Birmingham’s hotel sector shows growth but 2019 will be challenging

Birmingham

Birmingham’s hotel sector is showing growth as it prepares to welcome a boost in tourism numbers ahead of the region hosting Coventry City of Culture 2021 and Commonwealth Games 2022.

Birmingham has seen one the UK’s highest increases in Revenue Per Available Room (RevPAR) of 5%, only behind other major tourist destinations, such as Brighton, Gatwick and Liverpool, according to PwC’s latest UK Hotels Forecast Update.

The city remains an affordable destination with the average room rate at £70.38, compared to more expensive cities such as York, Brighton and Bristol. Whilst the number of rooms available in the city stayed the same, the occupancy rate saw an increase of 2% from December 2017 to December 2018.

The report shows that in terms of the key performance measurement metric, RevPAR, Birmingham has seen one of the greatest increases of 5%, however it remains below the UK regional average at £53.68, compared to £55.46.

As the city prepares to welcome heightened visitor numbers with major sporting and cultural events in the calendar, and the West Midlands continues to be one of the UK’s most popular destination for conferences, meetings and events.

In 2017, the number of visitors to family attractions and galleries in the West Midlands has risen by 2.5% and 3.4% compared to 2016. According to the West Midlands Growth Company, Birmingham welcomed 41.8 million visitors in 2017, a 6.9% increase from 2016 and generating £7.1 billion worth of economic benefit.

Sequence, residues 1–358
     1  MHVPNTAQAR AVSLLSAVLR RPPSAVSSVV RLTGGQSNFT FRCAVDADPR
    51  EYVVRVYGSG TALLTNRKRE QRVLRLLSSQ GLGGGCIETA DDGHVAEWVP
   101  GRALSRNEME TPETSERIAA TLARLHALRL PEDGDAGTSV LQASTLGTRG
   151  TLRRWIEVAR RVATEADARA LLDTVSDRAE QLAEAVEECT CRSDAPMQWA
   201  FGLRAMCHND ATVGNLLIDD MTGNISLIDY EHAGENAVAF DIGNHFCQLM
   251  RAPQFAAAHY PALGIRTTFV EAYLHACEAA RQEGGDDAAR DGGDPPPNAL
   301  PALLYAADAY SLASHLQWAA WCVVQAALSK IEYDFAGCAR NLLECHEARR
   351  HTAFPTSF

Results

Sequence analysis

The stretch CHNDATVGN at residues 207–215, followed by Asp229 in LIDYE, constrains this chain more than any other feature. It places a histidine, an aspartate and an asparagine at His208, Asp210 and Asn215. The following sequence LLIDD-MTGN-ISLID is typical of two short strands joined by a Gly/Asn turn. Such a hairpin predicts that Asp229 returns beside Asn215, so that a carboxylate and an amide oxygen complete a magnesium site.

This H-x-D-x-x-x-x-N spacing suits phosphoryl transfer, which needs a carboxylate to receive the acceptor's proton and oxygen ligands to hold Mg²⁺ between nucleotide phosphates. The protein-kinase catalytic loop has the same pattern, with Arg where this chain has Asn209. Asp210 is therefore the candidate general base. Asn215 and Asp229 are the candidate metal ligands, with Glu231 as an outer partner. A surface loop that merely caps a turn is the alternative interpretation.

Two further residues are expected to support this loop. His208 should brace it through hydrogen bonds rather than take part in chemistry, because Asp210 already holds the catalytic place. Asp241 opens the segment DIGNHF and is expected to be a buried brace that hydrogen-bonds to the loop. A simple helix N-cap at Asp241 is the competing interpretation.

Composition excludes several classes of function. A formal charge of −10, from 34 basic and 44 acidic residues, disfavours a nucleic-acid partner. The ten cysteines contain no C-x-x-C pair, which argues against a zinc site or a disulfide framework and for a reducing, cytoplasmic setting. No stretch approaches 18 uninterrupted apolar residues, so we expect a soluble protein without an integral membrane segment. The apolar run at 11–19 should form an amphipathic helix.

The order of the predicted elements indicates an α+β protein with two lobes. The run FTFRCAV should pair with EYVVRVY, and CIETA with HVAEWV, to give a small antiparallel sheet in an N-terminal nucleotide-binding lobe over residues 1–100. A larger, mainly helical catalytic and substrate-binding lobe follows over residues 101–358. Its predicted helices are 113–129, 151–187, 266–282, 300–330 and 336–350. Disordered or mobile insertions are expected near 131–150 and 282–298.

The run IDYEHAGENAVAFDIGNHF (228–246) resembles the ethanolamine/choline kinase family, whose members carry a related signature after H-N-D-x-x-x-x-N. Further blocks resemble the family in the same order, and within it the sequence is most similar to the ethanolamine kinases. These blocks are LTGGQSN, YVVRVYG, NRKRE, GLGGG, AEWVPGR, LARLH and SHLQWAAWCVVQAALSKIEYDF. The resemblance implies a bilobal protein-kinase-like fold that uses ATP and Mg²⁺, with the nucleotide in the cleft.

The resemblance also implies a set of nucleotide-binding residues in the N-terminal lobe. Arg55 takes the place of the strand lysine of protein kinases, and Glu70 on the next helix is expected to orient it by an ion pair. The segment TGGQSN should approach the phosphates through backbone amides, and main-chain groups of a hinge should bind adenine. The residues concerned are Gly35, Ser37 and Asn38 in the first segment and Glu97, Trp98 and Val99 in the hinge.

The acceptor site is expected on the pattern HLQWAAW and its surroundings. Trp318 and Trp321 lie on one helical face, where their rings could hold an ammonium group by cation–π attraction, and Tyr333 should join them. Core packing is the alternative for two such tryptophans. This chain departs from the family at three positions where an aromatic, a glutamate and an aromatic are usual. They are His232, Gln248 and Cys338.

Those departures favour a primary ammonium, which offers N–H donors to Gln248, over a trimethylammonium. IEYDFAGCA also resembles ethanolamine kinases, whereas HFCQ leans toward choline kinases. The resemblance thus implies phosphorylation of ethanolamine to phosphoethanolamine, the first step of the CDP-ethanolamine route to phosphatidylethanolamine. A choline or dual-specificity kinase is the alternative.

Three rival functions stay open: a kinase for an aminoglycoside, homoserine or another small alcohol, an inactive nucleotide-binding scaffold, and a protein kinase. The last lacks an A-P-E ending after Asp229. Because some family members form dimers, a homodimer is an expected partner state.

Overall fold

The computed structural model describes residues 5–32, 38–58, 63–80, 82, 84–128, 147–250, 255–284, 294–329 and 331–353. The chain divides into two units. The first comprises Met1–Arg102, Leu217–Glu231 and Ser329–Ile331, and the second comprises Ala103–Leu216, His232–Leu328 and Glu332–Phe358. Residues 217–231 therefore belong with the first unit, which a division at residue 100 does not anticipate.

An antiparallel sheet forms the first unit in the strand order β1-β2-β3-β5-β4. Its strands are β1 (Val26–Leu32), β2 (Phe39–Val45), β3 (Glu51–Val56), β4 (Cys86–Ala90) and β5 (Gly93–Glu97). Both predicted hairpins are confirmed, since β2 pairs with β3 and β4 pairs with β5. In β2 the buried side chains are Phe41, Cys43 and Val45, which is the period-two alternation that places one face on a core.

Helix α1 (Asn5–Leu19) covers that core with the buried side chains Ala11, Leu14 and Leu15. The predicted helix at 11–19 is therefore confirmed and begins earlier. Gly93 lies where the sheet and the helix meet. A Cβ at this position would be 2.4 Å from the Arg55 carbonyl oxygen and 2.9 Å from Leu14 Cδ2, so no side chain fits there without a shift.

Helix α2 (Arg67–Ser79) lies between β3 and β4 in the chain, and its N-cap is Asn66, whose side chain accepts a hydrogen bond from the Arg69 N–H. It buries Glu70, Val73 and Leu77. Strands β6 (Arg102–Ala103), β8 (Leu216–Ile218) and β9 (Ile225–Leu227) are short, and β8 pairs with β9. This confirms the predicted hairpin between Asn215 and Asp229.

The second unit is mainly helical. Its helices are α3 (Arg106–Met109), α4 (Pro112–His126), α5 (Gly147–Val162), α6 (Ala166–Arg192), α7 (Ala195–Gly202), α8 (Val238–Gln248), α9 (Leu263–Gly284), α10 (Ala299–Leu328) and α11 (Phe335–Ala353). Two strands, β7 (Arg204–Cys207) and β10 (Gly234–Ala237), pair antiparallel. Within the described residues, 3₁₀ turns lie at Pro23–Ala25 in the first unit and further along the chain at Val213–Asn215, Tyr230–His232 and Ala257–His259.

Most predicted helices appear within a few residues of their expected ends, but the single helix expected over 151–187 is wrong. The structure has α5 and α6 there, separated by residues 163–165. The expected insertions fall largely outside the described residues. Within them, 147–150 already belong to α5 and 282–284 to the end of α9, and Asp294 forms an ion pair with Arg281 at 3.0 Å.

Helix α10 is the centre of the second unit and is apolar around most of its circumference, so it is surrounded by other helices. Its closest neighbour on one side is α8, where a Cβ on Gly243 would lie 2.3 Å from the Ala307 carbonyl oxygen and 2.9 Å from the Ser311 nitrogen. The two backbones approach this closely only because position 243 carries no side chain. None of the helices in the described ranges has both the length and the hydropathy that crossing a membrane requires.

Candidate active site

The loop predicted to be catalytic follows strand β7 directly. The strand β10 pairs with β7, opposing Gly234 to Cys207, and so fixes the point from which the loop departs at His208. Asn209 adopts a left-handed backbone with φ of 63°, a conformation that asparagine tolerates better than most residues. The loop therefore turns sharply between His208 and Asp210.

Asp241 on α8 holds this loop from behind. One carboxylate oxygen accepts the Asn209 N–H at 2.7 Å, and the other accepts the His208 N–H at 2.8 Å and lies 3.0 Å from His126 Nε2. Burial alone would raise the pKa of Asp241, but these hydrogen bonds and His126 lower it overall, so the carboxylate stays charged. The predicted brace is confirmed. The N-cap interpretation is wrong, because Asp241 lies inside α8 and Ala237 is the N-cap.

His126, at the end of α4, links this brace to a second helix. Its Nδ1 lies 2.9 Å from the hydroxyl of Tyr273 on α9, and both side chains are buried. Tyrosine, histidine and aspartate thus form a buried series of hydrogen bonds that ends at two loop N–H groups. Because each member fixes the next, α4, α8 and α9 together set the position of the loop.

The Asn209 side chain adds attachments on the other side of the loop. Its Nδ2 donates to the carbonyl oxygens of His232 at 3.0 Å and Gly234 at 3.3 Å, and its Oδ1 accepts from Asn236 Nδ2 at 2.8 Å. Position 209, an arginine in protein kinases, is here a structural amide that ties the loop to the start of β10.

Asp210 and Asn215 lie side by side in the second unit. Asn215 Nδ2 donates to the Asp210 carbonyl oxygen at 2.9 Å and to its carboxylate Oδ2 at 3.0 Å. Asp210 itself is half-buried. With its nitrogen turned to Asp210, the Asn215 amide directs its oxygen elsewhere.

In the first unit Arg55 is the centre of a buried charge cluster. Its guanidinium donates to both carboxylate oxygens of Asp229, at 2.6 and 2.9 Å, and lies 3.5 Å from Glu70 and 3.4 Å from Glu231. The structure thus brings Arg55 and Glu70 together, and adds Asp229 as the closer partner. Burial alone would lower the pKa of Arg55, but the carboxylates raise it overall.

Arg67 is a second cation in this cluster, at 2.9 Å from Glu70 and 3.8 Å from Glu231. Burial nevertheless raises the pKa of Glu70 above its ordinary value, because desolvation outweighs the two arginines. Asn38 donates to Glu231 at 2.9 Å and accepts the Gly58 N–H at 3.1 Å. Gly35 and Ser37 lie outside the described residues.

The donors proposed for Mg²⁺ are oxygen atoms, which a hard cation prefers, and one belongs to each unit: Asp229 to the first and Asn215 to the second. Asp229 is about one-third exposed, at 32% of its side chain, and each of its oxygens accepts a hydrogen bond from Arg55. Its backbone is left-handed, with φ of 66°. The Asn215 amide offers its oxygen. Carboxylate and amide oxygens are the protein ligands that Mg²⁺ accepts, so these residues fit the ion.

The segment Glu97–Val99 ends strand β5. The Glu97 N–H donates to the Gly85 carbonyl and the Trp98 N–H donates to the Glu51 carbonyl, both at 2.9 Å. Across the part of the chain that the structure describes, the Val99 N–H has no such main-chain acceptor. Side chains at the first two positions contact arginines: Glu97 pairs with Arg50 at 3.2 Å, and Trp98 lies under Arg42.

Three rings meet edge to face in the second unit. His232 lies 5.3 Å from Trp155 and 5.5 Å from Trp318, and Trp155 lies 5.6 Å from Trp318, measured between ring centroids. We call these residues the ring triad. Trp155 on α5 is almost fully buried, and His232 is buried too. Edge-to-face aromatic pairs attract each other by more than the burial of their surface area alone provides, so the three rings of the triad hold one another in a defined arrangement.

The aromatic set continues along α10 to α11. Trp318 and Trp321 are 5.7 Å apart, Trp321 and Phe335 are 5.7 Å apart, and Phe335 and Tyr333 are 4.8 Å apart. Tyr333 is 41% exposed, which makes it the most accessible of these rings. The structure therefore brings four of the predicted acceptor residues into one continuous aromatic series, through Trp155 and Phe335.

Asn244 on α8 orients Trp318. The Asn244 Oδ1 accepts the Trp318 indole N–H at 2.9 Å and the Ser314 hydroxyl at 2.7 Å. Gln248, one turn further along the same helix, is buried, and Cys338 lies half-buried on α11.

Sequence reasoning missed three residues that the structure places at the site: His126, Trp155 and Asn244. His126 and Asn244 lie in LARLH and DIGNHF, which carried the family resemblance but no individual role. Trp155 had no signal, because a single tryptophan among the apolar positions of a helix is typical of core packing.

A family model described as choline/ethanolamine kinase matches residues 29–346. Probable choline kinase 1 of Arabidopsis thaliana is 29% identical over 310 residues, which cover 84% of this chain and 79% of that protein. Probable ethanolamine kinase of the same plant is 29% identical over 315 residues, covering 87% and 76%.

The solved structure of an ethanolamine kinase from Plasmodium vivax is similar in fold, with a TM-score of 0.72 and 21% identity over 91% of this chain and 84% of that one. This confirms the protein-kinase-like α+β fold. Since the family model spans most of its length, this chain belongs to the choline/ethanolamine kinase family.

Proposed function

Matthew Hammond, PwC’s Birmingham office Senior Partner, said:

“Birmingham and the West Midlands continue to perform well in the hotel sector, which is testament to the region’s cultural heritage, high quality tourist and business destinations, and national and international connectivity.


“As we prepare to put the West Midlands on the global stage through Coventry City of Culture 2021 and the Commonwealth Games 2022, we are seeing an unprecedented period of change and investment in the region, which will result in a growth in visitor numbers. This, combined with the arrival of major employers in Birmingham such as HSBC and our own commitment at One Chamberlain Square at Paradise, along with investment in infrastructure such as HS2, Metro and 5G, will also help increase footfall and wider economic benefits to the leisure and tourism sector.”  

Nicola Hewitt, Commercial Director at West Midlands Growth Company, said:

“As confidence in the West Midlands increases, it is encouraging to see the region’s popularity reflected in the steady growth of its accommodation sector, with a further 80 hotels also currently in the development pipeline.


“The West Midlands is now very much in the spotlight as a thriving global location for tourism and major events, so it’s imperative that we continue to capitalise on this sector’s potential, benefiting our region’s hoteliers and attractions.”

The PwC forecast for the year ahead is for modest RevPAR advances right across the UK regions. This is set against a backdrop of continuing global, European and UK political and economic uncertainty that are likely to slow global economic growth this year.

Matthew continued:

“Whilst the impact of Brexit on potential travellers to the UK – particularly from across Europe – means many are adopting a ‘wait and see’ attitude, the continued proactive response from the business community to engage with tourism leaders on strategic campaigns could play an important role in helping to combat challenges facing the sector.”

The UK outlook

Average Daily Rate (ADR) is forecast to continue to see growth with an uplift of 1.4% for the next two years taking ADR up £2 to £151 in 2019 and £153[1]  in 2020. Gains in ADR will drive Revenue per available room (RevPAR) growth by 1.7% in 2019, taking RevPAR to £126. In 2020, growth is anticipated to see a further  1.4% rise, taking RevPAR to £128.

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